The team touched down in Cardiff on Sunday evening and immediately got down to business on Monday with a series of team meetings, as well as a gym and field training session.

With Wales having recorded an encouraging home victory and narrow away defeat against England in their last two matches – and the hosts entering the match with a good track record in Cardiff against the Springboks in the last few years – Human and Kleyn were realistic about the challenge that awaited them.

“It’s going to be an arm-wrestle of a match,” said Human.

“They won four of their last five matches against us in Wales and they’ll use that as motivation. In the 2019 World Cup semi-final we got a last-minute penalty to beat them, so we know what we are in for.

“They are well coached, they can take you to the gutters, and they come off a tough training camp, so we need to perform well if we want the result.”

Human added: “From our perspective, we’d like to be more effective within our systems and the way we do things, and that’s our focus this week, rather than the World Cup.”

Kleyn, who has faced some of the Welsh players before in the Vodacom United Rugby Championship, expected an equally testing encounter.

“They have good individual players and when you bring them all together under a coach like Warren Gatland, they form a quality team,” said Kleyn.

“They come off a good win at home against England and a tight away defeat, so we are impressed by them and we know we are in for a tough outing.”

Kleyn shot down suggestions that this clash was merely a preparation match for the World Cup and said: “As players we don’t look at any match as a warm-up game. For us every weekend is the biggest match of your life because you are representing your country.”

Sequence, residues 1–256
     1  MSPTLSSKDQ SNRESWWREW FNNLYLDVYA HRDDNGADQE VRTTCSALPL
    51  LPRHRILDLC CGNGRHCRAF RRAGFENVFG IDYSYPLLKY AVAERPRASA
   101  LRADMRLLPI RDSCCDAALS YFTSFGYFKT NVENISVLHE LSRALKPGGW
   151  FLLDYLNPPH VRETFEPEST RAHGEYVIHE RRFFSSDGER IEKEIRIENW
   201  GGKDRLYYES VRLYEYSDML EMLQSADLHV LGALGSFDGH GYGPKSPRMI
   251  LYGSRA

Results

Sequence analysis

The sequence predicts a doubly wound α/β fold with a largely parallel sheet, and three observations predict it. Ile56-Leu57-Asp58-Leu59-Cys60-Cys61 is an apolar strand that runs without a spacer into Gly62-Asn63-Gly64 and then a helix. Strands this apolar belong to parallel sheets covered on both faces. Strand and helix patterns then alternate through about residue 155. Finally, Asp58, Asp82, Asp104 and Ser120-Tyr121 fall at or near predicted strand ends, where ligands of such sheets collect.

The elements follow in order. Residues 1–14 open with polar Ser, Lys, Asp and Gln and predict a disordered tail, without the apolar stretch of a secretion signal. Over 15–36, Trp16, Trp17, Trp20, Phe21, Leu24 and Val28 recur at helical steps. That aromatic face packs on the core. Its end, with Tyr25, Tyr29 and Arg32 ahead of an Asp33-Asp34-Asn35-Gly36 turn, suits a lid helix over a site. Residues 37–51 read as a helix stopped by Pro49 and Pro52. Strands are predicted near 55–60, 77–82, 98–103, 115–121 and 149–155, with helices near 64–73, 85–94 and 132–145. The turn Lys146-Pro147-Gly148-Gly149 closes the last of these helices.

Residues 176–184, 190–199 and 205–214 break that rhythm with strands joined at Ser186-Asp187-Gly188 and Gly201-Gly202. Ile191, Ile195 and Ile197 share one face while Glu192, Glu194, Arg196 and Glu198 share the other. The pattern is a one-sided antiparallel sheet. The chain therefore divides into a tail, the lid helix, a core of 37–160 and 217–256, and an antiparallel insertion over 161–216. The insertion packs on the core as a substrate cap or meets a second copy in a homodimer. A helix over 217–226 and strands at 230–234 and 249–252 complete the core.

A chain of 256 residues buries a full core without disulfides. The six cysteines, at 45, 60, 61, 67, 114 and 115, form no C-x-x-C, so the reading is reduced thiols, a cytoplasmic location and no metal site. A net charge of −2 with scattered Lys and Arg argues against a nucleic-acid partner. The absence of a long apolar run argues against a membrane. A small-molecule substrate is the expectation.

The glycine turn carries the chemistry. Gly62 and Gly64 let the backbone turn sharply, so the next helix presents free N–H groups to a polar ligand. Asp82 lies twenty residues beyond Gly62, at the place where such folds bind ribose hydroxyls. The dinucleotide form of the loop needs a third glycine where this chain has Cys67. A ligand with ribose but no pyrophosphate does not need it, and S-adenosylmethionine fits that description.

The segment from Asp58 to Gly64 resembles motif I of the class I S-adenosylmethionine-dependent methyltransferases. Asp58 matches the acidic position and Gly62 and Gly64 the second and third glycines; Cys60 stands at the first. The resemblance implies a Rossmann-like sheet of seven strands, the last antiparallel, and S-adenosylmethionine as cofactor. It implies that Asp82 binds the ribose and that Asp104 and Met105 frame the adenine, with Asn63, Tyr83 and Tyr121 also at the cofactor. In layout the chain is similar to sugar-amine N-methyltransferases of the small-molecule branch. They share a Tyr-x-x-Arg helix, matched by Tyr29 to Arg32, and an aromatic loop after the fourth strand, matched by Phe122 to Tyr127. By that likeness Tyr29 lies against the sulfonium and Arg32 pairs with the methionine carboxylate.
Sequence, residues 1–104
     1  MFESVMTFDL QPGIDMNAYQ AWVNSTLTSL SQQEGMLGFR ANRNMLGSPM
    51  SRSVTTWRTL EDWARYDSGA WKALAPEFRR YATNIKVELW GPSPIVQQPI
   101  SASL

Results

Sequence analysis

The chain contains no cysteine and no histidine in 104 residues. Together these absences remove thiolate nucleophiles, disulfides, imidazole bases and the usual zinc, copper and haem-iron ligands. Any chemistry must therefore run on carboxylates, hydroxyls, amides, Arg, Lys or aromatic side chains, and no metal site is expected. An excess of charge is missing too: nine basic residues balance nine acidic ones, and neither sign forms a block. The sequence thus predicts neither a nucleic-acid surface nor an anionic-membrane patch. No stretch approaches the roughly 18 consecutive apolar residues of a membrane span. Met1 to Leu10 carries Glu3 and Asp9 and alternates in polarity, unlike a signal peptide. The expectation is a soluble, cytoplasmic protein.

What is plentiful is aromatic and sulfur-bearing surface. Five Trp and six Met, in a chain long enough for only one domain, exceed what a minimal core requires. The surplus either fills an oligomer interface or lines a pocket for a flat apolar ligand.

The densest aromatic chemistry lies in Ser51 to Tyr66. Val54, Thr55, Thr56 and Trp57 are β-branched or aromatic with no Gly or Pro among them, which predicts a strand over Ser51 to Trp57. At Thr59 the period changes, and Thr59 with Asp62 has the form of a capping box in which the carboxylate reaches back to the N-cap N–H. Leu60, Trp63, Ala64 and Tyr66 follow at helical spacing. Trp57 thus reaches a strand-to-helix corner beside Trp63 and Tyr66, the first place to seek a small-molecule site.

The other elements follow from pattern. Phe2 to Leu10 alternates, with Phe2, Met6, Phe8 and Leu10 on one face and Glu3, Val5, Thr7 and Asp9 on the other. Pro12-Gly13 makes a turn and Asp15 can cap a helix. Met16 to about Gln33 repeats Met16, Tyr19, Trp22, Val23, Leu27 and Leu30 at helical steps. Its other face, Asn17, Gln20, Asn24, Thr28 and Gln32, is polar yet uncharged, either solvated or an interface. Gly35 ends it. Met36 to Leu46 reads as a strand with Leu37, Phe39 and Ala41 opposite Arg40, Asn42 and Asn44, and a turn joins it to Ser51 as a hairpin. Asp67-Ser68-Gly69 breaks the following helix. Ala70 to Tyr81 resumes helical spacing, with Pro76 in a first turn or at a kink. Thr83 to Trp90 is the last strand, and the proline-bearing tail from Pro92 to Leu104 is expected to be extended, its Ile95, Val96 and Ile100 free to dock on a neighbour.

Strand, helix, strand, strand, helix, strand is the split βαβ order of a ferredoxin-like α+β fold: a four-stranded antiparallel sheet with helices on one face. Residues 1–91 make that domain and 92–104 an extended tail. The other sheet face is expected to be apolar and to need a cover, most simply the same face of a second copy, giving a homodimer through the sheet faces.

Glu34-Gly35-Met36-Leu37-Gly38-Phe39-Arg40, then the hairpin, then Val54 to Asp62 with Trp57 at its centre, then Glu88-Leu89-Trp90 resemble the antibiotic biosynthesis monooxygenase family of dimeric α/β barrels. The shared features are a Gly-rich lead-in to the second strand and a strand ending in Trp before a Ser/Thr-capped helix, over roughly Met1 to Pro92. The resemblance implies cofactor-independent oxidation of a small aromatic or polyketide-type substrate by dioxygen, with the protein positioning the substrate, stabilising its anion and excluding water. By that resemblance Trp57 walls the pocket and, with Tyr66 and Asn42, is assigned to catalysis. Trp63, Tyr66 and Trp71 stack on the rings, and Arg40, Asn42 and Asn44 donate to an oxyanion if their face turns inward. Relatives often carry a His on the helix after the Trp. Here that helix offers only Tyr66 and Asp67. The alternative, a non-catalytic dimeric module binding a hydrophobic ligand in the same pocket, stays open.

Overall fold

With Springbok head coach Jacques Nienaber set to name his 23-man squad for the clash on Tuesday, Human hinted that the coaches planned to switch their focus to building combinations as they gear up for the global showpiece which kicks off on Friday 8 September in France.

“In the last few matches, we tried to be fair to everyone to give them a chance to put up their hands for the Rugby World Cup squad, but we’ll probably start settling combinations,” said Human.

Kleyn said his selection for the World Cup squad – after featuring in the 2019 spectacle for Ireland – was an opportunity he cherished.

“It didn’t even cross my mind that I could play in this World Cup,” said Kleyn.

“I incidentally told a friend a while ago that I was finished with international rugby, as that was the reality then, and I had accepted it.

“I didn’t think that there were prospects of playing for the Springboks, so when I received the call from Rassie (Erasmus – SA Rugby Director of Rugby), it was an opportunity I certainly didn’t plan to turn down.

“I’m proud to be representing the national team and to be part of something so special.”